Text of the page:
A long journey

Wednesday was a very emotional day, it was my last treatment for breast cancer. It started in April 2014 with 6 lots of chemotherapy and 18 doses of Herceptin. What should have felt like elation, felt more like finally feeling the weight of all that had happened to me. Now all that is left is to get my ‘port’ removed and take a pill each day for the next 10 years or so. I think I can handle that.

I always felt confident that it would all be OK in the end, I just had to survive the treatment. Now I can return to my normal sense of what normal is, being healthy, active and living life. That was the hardest thing to adjust to, after each test or appointment or treatment, there was a new reality to confront. At first it was, “OK, we need to find out what is happening here”, with an ultrasound, then a biopsy and mammogram and ultrasound on the other breast. That bad news meant a trip to see the surgeon and a whole battery of tests to make sure it had not spread. All the time you just keep absorbing all of this bad news and big words and decisions you are trying to make by becoming as informed as possible. Each step brought about the same process of questioning, anger, grief then acceptance and shit, this is becoming my new ‘normal’. It was so hard to tell some people. There is no easy way to say those words, “I have breast cancer” and everyone has their own experiences that they need to cope with first.

Selfie on top of Mt Regoona Tasmania

Selfie on top of Mt Regoona Tasmania

In the meantime, I had booked a 6 day hike in Tasmania after an epiphany one night, I was lying in bed thinking about all the things I wanted to do, when, “lightbulb moment!”, I should just do that during the Uni break and use my Time in Lieu I had accrued by working Sundays, ‘cause you just cannot wait to do these things. Yes! So when Paula agreed, we booked with our guides and flights and got excited. I was still in the “I can’t have cancer, I feel so fit and strong and healthy” frame of mind. The hospital rang with my booking for surgery two days before we flew to Tassie, it would be the week after returning from our trek. I did really need a big hug a few times while I was away, but the incredible scenery and doing something I REALLY love kept me inspired.

The surgery took a few days to get over, the huge, gaping wound needed to drain before I could go home. It did really look better than I thought it would though the lymph nodes they removed were causing more discomfort than anything else.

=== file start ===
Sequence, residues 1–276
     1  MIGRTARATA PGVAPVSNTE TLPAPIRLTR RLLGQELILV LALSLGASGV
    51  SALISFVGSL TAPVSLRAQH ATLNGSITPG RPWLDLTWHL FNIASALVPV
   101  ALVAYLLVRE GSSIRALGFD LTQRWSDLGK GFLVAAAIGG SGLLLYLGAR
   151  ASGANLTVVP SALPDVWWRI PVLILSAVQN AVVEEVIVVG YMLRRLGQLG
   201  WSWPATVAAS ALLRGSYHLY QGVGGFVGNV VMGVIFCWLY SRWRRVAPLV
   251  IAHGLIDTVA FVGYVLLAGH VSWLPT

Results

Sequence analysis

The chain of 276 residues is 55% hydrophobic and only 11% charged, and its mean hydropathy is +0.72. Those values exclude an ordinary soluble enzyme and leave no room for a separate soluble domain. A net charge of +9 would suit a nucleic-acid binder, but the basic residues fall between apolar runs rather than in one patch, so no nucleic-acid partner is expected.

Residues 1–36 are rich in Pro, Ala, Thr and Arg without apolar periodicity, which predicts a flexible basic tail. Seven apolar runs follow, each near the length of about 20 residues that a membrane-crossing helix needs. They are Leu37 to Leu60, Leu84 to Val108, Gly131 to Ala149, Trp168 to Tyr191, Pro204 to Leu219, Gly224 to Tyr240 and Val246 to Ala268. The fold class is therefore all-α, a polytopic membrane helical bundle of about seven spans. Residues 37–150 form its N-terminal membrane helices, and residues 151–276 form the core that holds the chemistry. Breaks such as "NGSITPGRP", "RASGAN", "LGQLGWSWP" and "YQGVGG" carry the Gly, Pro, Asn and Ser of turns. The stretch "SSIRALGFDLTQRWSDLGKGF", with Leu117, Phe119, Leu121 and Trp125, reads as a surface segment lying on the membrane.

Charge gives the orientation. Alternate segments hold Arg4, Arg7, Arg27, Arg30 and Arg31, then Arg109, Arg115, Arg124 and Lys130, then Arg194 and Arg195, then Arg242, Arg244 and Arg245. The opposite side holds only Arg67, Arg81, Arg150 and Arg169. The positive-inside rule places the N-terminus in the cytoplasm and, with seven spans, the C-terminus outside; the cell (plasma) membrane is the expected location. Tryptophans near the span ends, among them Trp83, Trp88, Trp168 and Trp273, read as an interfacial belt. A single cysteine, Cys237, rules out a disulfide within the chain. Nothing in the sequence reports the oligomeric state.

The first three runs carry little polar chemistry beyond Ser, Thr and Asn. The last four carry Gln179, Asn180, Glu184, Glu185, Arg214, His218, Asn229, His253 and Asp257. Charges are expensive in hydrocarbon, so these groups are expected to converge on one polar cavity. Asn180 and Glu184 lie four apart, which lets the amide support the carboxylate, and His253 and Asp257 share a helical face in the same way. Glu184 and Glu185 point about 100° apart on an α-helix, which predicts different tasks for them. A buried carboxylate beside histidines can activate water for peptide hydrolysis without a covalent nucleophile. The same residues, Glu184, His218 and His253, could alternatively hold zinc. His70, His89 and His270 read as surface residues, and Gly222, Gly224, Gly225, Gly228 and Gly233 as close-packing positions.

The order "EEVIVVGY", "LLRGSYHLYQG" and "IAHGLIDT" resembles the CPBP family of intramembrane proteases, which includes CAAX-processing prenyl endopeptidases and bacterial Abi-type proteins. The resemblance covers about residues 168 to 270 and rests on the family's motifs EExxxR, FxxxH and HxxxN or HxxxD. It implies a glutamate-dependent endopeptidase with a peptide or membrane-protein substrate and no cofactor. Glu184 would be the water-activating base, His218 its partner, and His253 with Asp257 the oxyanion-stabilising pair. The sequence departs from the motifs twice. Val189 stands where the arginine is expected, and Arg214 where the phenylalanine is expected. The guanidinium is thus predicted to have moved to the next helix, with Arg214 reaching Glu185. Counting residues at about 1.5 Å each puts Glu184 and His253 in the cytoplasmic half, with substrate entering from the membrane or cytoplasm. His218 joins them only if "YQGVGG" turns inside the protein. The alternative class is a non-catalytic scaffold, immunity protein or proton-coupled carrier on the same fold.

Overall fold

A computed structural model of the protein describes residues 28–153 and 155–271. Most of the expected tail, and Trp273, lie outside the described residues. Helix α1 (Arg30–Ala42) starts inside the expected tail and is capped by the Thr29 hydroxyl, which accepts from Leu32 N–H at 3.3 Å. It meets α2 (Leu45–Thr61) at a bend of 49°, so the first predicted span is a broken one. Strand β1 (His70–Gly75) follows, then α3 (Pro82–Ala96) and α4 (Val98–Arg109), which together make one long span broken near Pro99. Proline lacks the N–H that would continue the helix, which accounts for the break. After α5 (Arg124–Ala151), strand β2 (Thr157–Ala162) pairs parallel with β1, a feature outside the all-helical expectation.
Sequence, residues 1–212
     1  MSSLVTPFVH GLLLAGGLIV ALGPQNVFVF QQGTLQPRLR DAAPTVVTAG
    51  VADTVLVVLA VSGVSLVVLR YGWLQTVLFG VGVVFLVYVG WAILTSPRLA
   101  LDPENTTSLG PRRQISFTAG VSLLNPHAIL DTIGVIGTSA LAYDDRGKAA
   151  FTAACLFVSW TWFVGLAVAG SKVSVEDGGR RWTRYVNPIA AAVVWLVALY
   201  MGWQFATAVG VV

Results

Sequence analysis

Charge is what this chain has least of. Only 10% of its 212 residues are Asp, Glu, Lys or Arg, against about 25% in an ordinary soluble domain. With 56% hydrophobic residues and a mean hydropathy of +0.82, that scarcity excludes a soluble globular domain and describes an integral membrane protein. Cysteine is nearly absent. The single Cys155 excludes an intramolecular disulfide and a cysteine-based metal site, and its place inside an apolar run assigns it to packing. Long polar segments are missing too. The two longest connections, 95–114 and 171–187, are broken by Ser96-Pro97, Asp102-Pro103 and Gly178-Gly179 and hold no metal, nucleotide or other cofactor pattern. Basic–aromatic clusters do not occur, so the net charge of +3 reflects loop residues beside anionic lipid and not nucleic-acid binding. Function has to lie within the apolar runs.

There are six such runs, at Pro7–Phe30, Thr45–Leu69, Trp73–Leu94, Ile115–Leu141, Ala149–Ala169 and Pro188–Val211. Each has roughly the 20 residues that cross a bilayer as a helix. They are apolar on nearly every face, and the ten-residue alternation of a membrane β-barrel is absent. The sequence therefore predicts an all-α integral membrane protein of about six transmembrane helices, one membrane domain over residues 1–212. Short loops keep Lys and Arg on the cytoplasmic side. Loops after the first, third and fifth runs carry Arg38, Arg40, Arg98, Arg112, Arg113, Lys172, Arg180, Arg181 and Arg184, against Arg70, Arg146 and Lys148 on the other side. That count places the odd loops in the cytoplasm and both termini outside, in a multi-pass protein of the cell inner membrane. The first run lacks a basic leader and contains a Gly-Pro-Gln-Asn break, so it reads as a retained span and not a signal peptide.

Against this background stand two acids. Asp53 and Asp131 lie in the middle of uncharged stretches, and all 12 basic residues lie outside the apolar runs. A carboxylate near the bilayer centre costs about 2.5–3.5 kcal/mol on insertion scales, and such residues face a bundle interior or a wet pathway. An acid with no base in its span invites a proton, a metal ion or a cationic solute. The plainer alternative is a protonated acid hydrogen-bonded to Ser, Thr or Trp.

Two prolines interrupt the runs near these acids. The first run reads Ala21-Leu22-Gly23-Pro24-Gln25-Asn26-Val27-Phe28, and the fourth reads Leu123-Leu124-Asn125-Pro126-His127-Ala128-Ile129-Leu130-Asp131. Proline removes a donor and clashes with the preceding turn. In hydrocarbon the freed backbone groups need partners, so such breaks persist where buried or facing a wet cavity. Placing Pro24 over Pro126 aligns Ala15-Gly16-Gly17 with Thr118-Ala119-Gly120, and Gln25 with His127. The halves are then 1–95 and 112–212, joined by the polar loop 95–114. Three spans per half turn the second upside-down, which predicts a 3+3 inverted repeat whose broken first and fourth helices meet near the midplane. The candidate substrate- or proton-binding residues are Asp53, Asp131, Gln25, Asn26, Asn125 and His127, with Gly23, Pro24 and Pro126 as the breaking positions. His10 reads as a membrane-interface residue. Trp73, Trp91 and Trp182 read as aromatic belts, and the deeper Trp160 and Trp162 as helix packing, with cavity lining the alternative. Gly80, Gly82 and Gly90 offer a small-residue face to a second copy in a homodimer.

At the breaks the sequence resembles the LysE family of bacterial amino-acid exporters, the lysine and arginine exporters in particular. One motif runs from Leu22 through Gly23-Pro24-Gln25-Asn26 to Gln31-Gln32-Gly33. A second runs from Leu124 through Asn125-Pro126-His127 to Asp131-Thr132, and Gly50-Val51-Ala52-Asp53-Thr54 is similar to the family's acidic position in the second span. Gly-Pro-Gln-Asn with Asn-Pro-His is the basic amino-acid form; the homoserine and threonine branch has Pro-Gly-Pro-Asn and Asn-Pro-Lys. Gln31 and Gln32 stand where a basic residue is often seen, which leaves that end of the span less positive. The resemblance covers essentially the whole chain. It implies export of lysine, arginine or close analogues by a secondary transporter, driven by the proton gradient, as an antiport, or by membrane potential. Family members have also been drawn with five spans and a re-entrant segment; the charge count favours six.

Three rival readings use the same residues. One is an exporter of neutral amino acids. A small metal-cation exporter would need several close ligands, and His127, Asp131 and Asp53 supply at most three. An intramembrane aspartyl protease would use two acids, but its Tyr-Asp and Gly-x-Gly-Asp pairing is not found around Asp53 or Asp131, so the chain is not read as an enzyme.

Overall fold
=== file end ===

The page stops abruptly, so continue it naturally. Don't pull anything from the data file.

The next lot of bad news came from the pathology report from the surgeon. There was cancer in one of the lymph nodes so the best thing to do was chemotherapy first, then radiation and some more surgery as the margins around the tumour were not all clear.






That was a lot to take on.

No hair. no eyebrows, no eyelashes

No hair. no eyebrows, no eyelashes

I do think though that it is harder for those around you to accept all this, as they have the worry of wondering how it will turn out. Me, I was just trying to get my head around all of this crap that was about to go down in my life and how the rest of 2014 was just going to disappear.


Suffice to say, here I am today and so glad to have all that behind me. I couldn’t have survived it anywhere near as well without all the love and support of all my family and friends and lots of other people who are just so generous. But most of all Kevin, my darling. Our two daughters organised a ‘shave off’ on Mother’s day and raised $2000 for McGrath Foundation. That was very brave of everyone, especially heading into winter with no hair. I knitted lots of beanies, people knitted beanies for me and I got to finally indulge my love of hats.

4 baldies all in a row

4 baldies all in a row





Mother and daughters after the shave

Mother and daughters after the shave











In between treatments I could do somethings, just much, much slower. Most of the time, I laid on the couch and did lots a knitting. I managed a bike ride with some girlfriends and went to the movies but gardening was a bit hard, the vegie garden was SO FAR away. Some weeks I could hardly stand up let alone driving or walking. Get some exercise they say, it will make you feel better and recover quicker they say. The first time I went for a walk, Kevin made me take my mobile and I only walked about 300 metres, that was the limit.

So this afternoon, after my treatment, I was off to the hairdresser as my hair is growing back in a really bizarre fashion and I am sick of the gollywog look. That was a great improvement. My yoga class was next, then out to dinner. That helped me to forget all about it.

New hair cut

New hair cut



2 thoughts on “A long journey

  1. That was so wonderfully written Kris Having been part of that “journey” with you – it is quite different reading about it
    Yeah you


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